It was a little cold be a nice walk and I was just so relieved and happy to have gone out, after about 10 days cooped up at home, isolating because I managed to catch COVID for the first time in three years of avoiding it.
So I took it easy as I was still very tired from it.
Here are a few pictures from the hike.
I used my trusty trail running shoes as my hiking boots were falling apart after around 10 years of using them.
Next outing next month, because this coming weekend, I’ll be volunteering at the Festival of Tomorrow. But I might post about my plans for walking Hadrian’s Wall.
The scenery was so beautiful, almost a winter wonderland at times.
The route was good. We used this All Trails route but we did it backwards which I was glad about as it would have otherwise started along the main road. It was nice to start the walk on the Ridgeway.
The All Trails red route isn’t easy to follow as it’s not on the actual paths so if you decide to do this walk, follow the closest (marked as a dashed line) path to the red line.
It took us 2h40 to walk the 11.5km, a little faster than the average time published on All Trails. That’s also a little longer than the All Trails map but only because we kept walking at one poi t while chatting and drinking coffee from Andrea’s flask. It wasn’t hard to get back on track and in terms of elevation the hardest part was the hill back towards the road in the last 30 minutes. So no massive challenge.
I decided that in 2023 I will do as many miles as I can but I know that I can’t plan too far ahead without a chance of it being cancelled, because my mother has been taken ill in the last few weeks, and I may have to go France at some point during the year.
Having said that I’m now planning some walks twice a month, on weekends, trying to train through the winter so that I can hopefully do a longer walk later on in the late spring or summer.
I’m still not sure whether to do a portion of the South West coastal path (which is a dream but also very hard) or maybe I should leave it for another few years… Another consideration is whether I should walk the Cotswold Way which is more local but very difficult to find accommodation along, and I don’t really think I’m not ready to do wild camping quite yet! Finally I could do Hadrian’s Wall. I’ve looked up a company who can support and provide accommodation or I’ve looked up the logistics of doing it by myself, but it’s about the same cost so it’s something you’ll have to consider.
Today, the walk started with the heavens opening the second I parked. It’s was wet and windy on)off the whole way. On the way I managed to somehow lose my backpack rain cover before Broome Manor. It was a slow pace walk because of the dog stopping to sniff everything and mostly because my fitness levels have gone downhill since my last walk, but I’m not happy with it.
It’s a pity that the rumbling M4 noise was in the background pretty much the whole walk but otherwise the walk was great, despite the wind and rain. Missy got super muddy especially in the fields South of the M4 at Wroughton. They were saturated with water and I wished I’d got wellies at that point. My boots held ok, though and Missy got a bath as soon as we got home.
In summary, I’d do the walk again. It’s a really pleasant walk especially with the dog.
Some pictures of the walk:
I look forward to another walk in a couple of weeks hopefully, weather permitting.
I’m going to do my best to recall the walk but most of it is told by pictures and thanks to Aimée for pushing me on till the end on day two and three.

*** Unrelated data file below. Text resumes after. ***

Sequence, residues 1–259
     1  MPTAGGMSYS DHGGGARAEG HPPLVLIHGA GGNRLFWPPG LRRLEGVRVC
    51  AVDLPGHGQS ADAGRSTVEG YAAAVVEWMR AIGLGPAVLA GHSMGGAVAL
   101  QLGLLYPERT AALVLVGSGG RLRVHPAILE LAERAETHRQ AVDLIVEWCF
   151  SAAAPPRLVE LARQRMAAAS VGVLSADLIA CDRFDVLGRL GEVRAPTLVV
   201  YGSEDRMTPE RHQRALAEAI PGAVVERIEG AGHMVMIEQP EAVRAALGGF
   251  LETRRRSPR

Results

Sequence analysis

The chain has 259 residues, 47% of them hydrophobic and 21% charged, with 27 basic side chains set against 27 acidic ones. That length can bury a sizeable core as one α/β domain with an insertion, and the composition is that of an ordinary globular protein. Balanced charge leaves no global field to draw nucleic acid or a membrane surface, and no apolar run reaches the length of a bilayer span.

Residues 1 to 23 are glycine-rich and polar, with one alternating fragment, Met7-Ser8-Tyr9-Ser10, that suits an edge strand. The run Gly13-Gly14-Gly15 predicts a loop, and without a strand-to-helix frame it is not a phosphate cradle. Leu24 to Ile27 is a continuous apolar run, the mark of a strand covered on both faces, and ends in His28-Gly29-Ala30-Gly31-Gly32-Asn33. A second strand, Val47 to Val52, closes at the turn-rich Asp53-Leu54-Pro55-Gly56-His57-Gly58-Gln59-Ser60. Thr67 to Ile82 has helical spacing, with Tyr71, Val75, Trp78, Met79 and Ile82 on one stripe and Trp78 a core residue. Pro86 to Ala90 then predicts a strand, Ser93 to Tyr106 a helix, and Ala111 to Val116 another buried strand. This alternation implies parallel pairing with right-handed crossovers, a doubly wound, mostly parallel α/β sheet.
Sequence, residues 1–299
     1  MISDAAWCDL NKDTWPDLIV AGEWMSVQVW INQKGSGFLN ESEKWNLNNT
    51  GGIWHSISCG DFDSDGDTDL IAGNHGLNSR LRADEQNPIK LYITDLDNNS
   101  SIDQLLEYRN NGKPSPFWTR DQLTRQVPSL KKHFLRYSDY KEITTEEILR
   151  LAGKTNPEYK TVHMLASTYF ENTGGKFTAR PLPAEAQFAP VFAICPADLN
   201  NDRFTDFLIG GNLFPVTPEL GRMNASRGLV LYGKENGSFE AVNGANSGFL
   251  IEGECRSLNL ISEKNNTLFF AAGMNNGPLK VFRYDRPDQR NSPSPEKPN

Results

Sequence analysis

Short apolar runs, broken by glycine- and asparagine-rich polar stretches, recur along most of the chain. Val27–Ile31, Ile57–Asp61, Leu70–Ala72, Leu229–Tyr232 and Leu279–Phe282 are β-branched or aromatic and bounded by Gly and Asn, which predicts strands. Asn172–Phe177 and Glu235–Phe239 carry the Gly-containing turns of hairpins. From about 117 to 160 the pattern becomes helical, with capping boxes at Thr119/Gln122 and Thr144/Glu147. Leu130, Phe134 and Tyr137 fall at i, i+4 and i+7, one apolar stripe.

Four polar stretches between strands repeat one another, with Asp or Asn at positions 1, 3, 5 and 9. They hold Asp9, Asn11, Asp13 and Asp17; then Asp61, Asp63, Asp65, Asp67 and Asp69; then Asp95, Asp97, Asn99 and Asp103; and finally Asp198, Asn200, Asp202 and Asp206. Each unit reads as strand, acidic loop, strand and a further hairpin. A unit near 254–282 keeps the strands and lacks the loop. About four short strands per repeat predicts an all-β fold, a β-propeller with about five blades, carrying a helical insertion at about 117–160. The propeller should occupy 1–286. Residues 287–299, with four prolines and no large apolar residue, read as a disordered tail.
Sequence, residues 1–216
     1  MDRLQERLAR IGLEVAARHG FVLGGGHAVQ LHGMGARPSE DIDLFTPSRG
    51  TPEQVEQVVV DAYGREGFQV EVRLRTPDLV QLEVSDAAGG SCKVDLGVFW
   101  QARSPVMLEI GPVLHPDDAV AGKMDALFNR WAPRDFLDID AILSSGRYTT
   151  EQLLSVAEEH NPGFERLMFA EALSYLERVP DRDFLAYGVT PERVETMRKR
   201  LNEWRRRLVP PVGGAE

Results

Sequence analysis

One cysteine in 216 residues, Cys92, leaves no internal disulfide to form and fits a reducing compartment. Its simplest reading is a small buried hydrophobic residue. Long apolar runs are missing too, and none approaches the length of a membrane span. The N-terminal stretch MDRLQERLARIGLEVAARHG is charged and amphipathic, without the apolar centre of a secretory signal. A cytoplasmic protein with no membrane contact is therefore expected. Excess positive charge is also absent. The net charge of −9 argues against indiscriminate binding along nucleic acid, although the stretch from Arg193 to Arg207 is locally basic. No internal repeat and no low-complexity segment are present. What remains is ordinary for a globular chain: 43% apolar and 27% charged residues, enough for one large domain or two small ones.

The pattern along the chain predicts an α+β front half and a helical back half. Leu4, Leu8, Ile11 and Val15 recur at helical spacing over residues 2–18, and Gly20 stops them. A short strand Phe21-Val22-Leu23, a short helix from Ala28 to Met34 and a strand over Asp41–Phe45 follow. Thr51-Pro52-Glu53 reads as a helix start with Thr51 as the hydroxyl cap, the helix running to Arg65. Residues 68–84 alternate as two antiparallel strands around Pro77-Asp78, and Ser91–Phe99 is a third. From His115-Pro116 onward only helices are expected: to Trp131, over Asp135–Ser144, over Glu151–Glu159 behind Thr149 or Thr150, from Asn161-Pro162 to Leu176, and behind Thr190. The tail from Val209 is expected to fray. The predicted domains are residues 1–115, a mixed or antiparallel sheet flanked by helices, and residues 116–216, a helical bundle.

Saturday – Day 1: Meysey Hampton to Avebury
Shortly after starting the walk, I went through some woods before reaching the Fairford airfields and the early morning birdsongs were absolutely beautiful and enchanting. I’m sat in my garden now writing this and the bird songs now are lovely and echo the sounds of that morning.
It was so nice, just 2 weeks after I finished the Thames path, to re-walk some of the Thames Path walk, near Cricklade. It was especially such a striking difference, on a summer quiet day compared to when I last had approached Cricklade, late February in the midst of Storm Dudley!
My friend Richard, Judith’s husband, joined me in Cricklade for a good few miles all the way to Purton. It was great to have company. I was chatting so much that I forgot to take many pictures on that stretch.
After Purton, I had to cross another cows’ field and reached Mouldon Hill. There was a very overgrown area to cross but I made it. Then the rain started to be very strong as I stopped for my regular socks change and snack. But I still stopped, under a tree to make sure I had a good break.
At that point I was ahead of schedule. But with the weather and fatigue starting to hit me, I started slowing down.
By the time I reached the Oasis and Steam museum, I’d lost all the time that I had previously gained.
It became more difficult to progress, but walking along the canal as I left Swindon was such a pleasant experience. As I left Wichelstowe before crossing over to Wroughton, I saw a sign telling me the path I expected to be there was shut as they are literally building a road there. So I walked along the road to Wroughton and that was a pretty unpleasant part of the walk, as I kept having to jump on the side/ditch as the car zoomed past. Richard joined me again in Wroughton and we climbed to Barbury Castle together. We also met Mike Pringle on the way who joined us. It was so mice to have company. Also the weather had stayed dried since Wroughton too. Then I joined the Ridgeway, on very familiar territory now as I walked this last bit to Avebury with the Race to the Stones twice before. It’s always such a hard part for me. And this was no exception. The weather turned, the wind picked up and I was miserable. Slow, cold, tired. My hips hurt with the pressure of my bag on my lower back. But I kept going and wobbled all the way to Avebury.